- The Washington Times - Tuesday, October 21, 2003

TEHRAN — Iran agreed yesterday to suspend uranium enrichment and give inspectors unrestricted access to its nuclear facilities as demanded by the U.N. nuclear watchdog agency — a step that could ease the standoff over fears that Iran is trying to build nuclear weapons.

The announcement came after weeks of pressure on Iran to come clean by Oct. 31 on its nuclear program, which Washington thinks aims to build a nuclear arsenal. A senior Israeli adviser told The Washington Times yesterday that if the program was not stopped within 12 months, it would be too late.

The United States, which has led the charge for the U.N. Security Council to take action against Iran, gave a cautious welcome to the news from Tehran.

If Iran follows through with its promises, it “would be a positive step in the right direction,” White House Press Secretary Scott McClellan said. “Full compliance by Iran will now be essential.”

Iran, which says its nuclear program aims only for electricity production, made the commitments as three European foreign ministers visited Tehran to press the demands by the International Atomic Energy Agency (IAEA). Tehran did not say when it would take the steps, although a British official said it would likely be before Oct. 31.

Iran also agreed to hand over other information long sought by the IAEA, said diplomats in Vienna, Austria, where the agency is based. Most important, said the diplomats, who spoke on the condition of anonymity, Iran promised to account for the origin of traces of weapons-grade uranium that IAEA inspectors discovered at two facilities, sounding alarm bells in Vienna and Washington.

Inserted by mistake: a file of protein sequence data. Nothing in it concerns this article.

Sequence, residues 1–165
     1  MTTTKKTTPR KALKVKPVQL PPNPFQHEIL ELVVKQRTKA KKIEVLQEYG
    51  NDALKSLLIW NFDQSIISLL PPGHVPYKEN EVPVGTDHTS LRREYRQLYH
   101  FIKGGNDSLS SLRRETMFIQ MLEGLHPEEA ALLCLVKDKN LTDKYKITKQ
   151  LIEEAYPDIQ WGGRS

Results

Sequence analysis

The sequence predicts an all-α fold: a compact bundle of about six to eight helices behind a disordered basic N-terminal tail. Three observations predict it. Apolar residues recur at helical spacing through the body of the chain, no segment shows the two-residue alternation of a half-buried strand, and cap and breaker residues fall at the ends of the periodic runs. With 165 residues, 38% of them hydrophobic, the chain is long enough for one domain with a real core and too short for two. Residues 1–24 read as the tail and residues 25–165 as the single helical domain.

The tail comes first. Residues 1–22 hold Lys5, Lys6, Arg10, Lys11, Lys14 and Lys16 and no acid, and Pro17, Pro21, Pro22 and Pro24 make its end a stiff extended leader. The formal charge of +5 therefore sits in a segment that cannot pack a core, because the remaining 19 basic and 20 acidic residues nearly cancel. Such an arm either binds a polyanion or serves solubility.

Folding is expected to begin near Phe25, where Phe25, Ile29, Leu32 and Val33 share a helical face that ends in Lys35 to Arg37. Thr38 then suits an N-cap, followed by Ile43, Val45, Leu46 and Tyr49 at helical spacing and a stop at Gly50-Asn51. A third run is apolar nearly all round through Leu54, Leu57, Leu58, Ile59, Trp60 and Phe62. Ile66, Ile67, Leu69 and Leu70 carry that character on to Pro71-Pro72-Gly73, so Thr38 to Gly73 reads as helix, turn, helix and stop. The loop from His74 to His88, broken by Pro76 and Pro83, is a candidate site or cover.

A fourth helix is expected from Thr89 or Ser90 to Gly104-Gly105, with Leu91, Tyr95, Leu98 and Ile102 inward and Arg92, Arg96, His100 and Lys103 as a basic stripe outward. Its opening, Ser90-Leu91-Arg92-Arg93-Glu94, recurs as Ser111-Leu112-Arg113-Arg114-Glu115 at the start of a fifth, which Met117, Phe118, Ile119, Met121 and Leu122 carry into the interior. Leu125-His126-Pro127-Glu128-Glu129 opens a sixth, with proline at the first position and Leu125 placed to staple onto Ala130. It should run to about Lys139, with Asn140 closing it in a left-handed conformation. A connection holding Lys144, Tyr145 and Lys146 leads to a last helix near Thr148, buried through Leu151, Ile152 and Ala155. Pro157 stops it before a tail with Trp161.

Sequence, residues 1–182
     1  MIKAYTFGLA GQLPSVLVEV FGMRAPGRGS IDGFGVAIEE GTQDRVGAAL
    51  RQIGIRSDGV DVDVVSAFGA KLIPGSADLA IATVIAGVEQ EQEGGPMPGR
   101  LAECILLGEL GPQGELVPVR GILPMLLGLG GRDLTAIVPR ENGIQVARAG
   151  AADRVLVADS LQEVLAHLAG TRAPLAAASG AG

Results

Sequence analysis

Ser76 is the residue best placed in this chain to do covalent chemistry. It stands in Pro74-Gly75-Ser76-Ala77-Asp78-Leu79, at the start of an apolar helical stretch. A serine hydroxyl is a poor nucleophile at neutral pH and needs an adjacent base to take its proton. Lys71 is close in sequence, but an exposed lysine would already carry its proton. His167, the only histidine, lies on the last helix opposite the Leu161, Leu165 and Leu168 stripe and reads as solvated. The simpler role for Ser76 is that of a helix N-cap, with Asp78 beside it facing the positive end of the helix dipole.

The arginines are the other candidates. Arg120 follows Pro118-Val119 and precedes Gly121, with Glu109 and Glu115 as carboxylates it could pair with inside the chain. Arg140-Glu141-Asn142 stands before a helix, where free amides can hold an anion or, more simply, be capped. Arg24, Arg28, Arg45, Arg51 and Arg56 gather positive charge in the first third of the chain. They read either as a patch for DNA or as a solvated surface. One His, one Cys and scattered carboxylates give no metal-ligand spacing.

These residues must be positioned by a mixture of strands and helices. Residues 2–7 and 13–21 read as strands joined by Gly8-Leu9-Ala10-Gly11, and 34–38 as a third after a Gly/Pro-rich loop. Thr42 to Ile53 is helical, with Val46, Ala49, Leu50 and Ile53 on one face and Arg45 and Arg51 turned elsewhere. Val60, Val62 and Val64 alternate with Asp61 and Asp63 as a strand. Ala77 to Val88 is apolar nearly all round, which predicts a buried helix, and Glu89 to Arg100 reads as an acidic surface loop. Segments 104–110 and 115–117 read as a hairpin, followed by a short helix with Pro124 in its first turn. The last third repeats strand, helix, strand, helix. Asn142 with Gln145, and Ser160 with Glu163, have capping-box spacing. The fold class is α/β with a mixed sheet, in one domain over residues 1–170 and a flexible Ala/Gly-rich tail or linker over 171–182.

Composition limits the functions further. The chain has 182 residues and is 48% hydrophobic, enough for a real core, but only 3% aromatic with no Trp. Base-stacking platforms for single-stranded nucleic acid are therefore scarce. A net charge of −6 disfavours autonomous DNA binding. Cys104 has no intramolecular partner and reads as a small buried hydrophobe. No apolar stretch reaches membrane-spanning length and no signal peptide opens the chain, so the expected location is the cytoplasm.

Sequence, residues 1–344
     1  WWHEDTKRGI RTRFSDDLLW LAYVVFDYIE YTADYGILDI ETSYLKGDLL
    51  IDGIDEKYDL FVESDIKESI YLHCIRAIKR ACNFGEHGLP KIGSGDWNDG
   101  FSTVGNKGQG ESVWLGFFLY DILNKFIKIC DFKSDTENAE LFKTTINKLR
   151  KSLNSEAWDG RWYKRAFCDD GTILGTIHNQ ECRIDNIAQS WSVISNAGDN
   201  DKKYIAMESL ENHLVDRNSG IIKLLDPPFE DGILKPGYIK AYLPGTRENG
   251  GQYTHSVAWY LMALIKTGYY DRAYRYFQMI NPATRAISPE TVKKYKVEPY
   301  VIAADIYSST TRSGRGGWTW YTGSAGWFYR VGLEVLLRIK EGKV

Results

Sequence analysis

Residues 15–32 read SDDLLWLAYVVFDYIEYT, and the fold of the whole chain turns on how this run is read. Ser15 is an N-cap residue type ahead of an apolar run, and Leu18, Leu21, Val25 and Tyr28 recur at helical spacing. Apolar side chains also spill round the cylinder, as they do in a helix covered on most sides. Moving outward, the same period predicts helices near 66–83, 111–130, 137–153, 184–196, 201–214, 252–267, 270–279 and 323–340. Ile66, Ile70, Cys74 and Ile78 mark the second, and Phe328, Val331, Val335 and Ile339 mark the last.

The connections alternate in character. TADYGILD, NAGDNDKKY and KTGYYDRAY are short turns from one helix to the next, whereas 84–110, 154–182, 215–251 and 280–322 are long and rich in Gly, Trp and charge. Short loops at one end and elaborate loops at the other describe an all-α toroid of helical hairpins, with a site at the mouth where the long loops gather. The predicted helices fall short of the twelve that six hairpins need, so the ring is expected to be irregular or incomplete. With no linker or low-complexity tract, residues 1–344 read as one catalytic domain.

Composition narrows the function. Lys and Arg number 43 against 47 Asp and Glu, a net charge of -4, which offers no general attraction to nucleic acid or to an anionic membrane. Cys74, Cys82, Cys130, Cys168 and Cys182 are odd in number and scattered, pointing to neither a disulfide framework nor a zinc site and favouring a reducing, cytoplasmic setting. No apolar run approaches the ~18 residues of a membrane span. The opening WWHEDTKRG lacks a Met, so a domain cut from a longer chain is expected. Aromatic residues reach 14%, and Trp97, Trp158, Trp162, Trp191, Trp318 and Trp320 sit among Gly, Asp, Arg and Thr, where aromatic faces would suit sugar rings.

IAEA head Mohamed ElBaradei has called those traces, found in environmental samples, the most troubling aspect of Iran’s nuclear activities.

Iran says the contamination was on equipment it imported for peaceful nuclear purposes, but it resisted IAEA requests that it name the country of origin. Once the agency knows where the equipment comes from, it can test the truth of Iran’s claims.

The head of Israel’s military intelligence warned yesterday that if Iran completes its program for enriching uranium, it would be able to produce nuclear weapons without outside help by summer 2004.

Zalman Shoval, a former ambassador to Washington and now an adviser to Israeli Prime Minister Ariel Sharon, gave a similar assessment at a meeting yesterday with reporters and editors at The Times.

“According to our intelligence assessment, unless something is done within the next year, a year from now it may be too late,” he said. “They will already have a nuclear capability.”

The United States has pushed fellow members of the IAEA board to declare Tehran in breach of the nuclear Nonproliferation Treaty.

Anxious to avoid sanctions that the United Nations would likely bring, Iran has allowed IAEA inspectors to view some sites, including at least one military facility, but for weeks has hesitated at making a full commitment to the IAEA demands.

The secretary of Iran’s powerful Supreme National Security Council, Hasan Rowhani, told reporters after his meeting with the three Europeans yesterday that Iran would sign an additional protocol to the nuclear Nonproliferation Treaty allowing inspectors to enter any site without notice.

“The protocol should not threaten our national security, national interests and national pride,” he told reporters. In a statement, Iran said it would abide by the protocol even before it is ratified by parliament, as is required.

Mr. Rowhani said that for an “interim period,” Iran will suspend nuclear enrichment — though he did not say for how long — to “create a new atmosphere of trust and confidence.”

Jack Straw of Britain, Joschka Fischer of Germany and Dominique de Villepin of France said in Tehran that if Iran proves its nuclear program is only for energy production, they would make it easier for Iran to get nuclear technology.

The European ministers said in their joint statement that “the full implementation of Iran’s decisions, confirmed by the IAEA director general, should enable the immediate situation to be resolved by the IAEA board.”

Staff writer David W. Jones in Washington contributed to this report.

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